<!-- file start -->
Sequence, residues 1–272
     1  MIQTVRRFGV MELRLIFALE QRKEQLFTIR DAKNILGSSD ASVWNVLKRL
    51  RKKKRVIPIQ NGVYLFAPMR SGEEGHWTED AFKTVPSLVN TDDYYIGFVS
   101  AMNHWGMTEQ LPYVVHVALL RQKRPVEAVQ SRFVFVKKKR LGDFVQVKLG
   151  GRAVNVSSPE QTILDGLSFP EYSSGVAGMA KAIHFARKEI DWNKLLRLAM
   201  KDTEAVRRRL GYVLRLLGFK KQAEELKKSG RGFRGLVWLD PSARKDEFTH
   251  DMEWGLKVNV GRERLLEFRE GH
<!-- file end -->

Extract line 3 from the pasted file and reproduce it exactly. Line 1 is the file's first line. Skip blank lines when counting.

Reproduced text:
    51  RKKKRVIPIQ NGVYLFAPMR SGEEGHWTED AFKTVPSLVN TDDYYIGFVS